Apurba indulged in poetry with the book The Country without a Post Office by Agha Shahid Ali. This Kashmiri American poet was the recipient of the Guggenheim and Ingram-Merrill fellowships and a Pushcart Prize, and his collection Rooms Are Never Finished was a finalist for the National Book Award in 2001. His poetry collection is a haunting inditement of the plight of what he remembers as home, a desolation called peace. Apurba also cited an essay by Amitav Ghosh, a touching tribute to the poet, something you must bookmark and take the time to read for the sheer beauty of the person the words pay tribute to and the words themselves.

                                            They make a desolation and call it peace.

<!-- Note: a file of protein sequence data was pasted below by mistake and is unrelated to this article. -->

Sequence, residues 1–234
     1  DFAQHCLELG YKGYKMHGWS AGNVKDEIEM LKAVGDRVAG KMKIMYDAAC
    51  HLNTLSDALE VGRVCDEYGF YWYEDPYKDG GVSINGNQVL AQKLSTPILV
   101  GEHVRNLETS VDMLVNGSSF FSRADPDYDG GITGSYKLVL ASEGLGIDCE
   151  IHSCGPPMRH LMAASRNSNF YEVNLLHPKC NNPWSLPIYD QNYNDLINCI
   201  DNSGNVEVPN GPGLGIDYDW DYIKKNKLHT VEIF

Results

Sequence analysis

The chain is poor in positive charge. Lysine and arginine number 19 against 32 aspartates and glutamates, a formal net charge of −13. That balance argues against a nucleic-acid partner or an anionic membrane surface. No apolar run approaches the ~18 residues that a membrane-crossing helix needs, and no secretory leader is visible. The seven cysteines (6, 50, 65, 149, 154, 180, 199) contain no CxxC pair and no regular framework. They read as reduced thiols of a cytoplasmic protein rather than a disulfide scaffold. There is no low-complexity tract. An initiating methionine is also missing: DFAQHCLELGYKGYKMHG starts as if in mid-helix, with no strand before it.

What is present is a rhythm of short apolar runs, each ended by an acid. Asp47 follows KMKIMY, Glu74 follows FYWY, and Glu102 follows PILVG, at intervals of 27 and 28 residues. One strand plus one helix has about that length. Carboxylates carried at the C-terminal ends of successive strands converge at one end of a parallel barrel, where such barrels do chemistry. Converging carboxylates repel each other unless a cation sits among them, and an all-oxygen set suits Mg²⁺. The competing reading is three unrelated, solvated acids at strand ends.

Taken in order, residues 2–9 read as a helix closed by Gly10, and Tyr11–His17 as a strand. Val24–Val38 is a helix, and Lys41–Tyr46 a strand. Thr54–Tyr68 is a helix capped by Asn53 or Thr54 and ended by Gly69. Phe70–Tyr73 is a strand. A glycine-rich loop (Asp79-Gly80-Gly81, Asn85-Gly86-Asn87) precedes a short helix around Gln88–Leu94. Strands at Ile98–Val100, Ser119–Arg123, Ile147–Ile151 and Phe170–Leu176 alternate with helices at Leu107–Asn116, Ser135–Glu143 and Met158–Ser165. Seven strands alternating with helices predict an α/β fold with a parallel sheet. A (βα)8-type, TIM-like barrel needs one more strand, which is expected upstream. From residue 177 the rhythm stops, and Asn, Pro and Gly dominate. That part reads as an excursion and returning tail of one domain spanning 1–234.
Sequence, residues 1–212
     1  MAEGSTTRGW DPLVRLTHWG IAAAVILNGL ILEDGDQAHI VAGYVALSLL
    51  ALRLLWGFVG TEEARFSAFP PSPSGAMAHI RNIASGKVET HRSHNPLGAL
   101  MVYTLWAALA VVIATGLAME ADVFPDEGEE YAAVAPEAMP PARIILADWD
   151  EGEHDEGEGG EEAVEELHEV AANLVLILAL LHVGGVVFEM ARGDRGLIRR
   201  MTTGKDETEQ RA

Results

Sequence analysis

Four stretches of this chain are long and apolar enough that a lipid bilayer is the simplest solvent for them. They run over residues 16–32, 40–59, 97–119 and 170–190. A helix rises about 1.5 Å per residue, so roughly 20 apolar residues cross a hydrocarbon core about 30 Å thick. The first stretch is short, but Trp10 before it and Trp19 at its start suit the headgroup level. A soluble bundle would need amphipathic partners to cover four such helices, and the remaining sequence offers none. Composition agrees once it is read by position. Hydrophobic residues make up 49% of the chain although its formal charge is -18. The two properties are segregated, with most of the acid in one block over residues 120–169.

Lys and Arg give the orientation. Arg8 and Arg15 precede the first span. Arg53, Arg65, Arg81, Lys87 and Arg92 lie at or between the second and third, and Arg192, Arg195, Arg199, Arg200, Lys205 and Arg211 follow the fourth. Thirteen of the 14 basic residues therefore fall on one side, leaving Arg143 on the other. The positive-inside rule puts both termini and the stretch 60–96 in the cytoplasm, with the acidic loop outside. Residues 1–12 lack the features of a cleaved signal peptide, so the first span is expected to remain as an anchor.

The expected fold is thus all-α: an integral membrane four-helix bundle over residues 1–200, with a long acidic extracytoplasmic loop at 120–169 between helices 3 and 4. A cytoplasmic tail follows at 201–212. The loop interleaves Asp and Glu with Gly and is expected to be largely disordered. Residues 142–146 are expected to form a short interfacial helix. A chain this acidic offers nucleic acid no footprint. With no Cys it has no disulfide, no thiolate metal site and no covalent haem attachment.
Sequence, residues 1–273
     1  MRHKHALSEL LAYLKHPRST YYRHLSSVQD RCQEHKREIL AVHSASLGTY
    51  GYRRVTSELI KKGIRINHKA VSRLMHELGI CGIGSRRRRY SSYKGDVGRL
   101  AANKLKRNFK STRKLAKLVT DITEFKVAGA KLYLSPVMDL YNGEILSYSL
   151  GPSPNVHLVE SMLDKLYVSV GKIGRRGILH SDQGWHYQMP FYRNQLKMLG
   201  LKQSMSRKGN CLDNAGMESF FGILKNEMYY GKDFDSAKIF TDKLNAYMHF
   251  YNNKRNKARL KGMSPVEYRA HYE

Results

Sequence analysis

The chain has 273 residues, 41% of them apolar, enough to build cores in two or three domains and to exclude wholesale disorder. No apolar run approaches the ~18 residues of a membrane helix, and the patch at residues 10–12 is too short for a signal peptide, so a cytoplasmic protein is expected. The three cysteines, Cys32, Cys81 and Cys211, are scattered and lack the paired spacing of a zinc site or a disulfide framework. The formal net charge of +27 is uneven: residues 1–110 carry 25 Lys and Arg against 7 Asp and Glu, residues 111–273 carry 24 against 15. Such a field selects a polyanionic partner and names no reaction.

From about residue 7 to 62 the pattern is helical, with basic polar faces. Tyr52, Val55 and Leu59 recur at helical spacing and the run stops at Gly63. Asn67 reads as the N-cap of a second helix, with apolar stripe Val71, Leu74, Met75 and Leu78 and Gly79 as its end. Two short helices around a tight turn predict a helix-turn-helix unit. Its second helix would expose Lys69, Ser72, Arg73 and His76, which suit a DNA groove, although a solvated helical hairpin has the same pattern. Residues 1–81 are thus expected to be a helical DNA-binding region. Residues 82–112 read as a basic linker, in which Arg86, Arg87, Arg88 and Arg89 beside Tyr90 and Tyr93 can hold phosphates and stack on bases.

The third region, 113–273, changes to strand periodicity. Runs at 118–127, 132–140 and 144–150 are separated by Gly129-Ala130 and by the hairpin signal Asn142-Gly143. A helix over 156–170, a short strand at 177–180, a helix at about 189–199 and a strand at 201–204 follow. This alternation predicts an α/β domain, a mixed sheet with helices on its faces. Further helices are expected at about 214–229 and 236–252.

when you left even the stones were buried:

the defenceless would have no weapons.

 

When the ibex rubs itself against the rocks,

who collects its fallen fleece from the slopes?

O Weaver whose seams perfectly vanished,

who weighs the hairs on the jeweller’s balance?

They make a desolation and call it peace.

Who is the guardian tonight of the Gates of Paradise?

 

My memory is again in the way of your history.

Army convoys all night like desert caravans:

In the smoking oil of dimmed headlights, time dissolved- all

winter- its crushed fennel.

We can’t ask them: Are you done with the world?

Other books that deal with conflict that were mentioned were Curfewed Night by Basharat Peer, Our Moon has Blood Clots and Hello Bastar by Rahul Pandita, Samanth Subramanian’s This Divided Island and Joe Sacco’s graphic novel Gorazde.

Conflict zones tell the same story world over.